The Director, more formally known as the Director of Hatcheries and Conditioning, holds a position of significant power in the State’s operations and represents the ideal citizen at the beginning of the novel. He first appears as a guide for a group of young boys touring the Hatching and Conditioning Centre, enthusiastically explaining each step of the developmental processes that occur there. From a story-telling perspective, the Director’s character allows Huxley to introduce readers to the world of the novel without delaying or disrupting the momentum of the plot. As the Director explains key details about State values, the caste system, and social behaviors to his students, Huxley gives readers the information they will need to understand the rest of the novel. The other function that the Director serves early in the novel is as a symbol of an upstanding member of London society. While he certainly derives power from his position of authority at the Centre, he also earns the respect of others for being “so conventional [and] so scrupulously correct.” The Director gains even more influence from his ability to perfectly model the World State’s social values.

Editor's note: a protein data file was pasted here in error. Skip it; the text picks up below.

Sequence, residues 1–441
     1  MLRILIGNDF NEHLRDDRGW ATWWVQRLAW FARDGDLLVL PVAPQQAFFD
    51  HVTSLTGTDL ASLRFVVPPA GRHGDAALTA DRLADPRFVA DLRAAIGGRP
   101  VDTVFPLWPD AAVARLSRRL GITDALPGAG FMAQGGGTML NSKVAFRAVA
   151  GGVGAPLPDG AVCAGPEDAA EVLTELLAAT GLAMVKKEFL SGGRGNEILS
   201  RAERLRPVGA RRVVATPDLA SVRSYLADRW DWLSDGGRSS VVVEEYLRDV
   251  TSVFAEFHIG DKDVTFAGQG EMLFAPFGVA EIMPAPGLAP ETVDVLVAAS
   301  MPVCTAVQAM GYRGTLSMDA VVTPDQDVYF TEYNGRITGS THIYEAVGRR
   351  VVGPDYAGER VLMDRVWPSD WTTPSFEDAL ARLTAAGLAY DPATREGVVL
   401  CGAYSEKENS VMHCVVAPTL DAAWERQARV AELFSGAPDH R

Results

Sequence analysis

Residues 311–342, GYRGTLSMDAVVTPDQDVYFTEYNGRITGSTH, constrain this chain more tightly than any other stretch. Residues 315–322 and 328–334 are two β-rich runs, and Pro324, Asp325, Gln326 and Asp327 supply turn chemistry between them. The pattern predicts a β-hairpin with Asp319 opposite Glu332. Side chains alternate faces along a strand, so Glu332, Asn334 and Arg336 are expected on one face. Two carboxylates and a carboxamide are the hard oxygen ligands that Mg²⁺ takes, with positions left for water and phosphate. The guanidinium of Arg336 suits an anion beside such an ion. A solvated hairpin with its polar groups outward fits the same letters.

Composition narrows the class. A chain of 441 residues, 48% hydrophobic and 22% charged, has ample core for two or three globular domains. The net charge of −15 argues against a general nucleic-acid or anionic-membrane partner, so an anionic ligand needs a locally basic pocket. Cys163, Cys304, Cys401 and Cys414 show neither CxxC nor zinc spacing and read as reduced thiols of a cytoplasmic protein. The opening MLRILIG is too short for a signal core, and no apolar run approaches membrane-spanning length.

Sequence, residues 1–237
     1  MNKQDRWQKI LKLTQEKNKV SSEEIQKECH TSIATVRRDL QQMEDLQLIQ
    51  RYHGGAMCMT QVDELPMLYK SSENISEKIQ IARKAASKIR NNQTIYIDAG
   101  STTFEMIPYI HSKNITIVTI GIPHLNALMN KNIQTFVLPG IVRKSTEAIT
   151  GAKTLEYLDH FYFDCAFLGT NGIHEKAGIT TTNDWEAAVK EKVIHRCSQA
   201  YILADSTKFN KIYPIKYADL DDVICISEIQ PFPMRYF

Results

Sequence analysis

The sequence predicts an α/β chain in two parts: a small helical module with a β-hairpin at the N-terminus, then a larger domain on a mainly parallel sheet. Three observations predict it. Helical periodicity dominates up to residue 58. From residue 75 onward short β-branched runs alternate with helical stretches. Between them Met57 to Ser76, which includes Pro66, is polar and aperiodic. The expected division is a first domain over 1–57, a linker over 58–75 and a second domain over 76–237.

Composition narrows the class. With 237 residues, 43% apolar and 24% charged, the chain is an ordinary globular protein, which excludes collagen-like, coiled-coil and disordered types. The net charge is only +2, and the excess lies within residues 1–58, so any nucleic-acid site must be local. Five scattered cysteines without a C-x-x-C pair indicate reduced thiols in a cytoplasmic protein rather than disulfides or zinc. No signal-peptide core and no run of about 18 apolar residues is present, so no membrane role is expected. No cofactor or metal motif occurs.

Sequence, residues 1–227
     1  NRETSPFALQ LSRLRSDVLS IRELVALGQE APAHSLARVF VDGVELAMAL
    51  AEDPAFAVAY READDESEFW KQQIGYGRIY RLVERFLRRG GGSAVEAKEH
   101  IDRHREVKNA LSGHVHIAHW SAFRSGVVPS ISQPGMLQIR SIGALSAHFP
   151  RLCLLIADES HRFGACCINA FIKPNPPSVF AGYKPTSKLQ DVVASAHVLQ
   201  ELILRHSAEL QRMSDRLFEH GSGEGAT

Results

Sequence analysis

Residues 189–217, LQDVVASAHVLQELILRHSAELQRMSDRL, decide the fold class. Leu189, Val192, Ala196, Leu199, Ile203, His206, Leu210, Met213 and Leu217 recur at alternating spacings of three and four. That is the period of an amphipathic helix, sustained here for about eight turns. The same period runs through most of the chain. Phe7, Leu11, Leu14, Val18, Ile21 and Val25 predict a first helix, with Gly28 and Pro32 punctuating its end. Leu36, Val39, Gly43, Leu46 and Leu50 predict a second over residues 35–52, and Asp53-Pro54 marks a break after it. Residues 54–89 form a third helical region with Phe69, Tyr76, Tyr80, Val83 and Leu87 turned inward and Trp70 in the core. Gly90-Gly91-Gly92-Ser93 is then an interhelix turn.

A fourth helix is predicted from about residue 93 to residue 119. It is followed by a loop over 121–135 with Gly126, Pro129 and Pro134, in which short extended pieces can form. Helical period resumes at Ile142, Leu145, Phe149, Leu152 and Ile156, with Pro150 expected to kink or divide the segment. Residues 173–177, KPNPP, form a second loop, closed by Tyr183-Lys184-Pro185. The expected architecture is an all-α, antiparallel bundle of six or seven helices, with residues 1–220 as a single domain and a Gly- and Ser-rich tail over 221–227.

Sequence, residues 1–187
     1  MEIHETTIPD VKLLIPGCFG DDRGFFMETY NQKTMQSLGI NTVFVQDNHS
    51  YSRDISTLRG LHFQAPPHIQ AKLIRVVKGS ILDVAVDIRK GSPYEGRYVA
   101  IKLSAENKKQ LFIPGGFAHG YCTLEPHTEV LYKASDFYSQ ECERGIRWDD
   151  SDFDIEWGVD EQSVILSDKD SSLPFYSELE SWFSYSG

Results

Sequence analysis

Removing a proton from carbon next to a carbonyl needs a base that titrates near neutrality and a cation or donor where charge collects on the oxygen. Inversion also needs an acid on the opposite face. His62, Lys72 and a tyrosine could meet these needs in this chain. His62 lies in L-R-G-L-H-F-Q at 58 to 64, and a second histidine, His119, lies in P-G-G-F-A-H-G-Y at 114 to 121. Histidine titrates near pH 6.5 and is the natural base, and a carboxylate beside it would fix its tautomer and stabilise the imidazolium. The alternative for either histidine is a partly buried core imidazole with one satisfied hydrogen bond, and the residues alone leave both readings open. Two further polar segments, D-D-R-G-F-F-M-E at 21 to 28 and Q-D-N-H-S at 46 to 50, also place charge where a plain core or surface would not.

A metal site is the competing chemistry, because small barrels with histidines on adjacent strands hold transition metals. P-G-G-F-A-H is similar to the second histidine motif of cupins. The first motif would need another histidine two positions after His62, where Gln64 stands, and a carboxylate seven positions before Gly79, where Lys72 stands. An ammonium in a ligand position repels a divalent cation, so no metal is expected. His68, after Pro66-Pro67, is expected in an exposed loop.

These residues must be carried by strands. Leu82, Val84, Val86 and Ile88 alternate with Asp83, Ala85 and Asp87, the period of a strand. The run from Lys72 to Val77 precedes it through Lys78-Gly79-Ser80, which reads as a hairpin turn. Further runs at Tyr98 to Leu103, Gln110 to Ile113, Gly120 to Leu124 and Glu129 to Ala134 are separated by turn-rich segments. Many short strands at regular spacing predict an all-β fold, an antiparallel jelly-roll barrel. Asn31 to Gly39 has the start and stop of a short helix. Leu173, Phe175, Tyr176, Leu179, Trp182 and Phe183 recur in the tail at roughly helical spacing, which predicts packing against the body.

This ideal image, however, begins to fade as the truth about the Director’s past emerges. In Chapter 6, Bernard senses something strange when he goes to get his permit for New Mexico initialed and the Director begins telling him a story about his past, an act strongly frowned upon by the State. Once the Director realizes his mistake, he becomes “furious with himself for having given away a discreditable secret.” The two men already have a tense relationship, but this scenario increases the hostility between them as it opens the door for Bernard to challenge the Director’s reputation and authority. Since the Director perceives the telling of his secret as a significant threat, he has every intention of sending Bernard away to Iceland in order to maintain the status quo. Linda and John’s arrival, however, publicly exposes the Director’s unorthodoxy and drives him to resign from his position immediately. This rapid downfall emphasizes that no individual, regardless of their public status, is without faults and that no power structure is absolute. Uncovering the Director’s past reveals the weaknesses inherent in the World State’s philosophies and practices.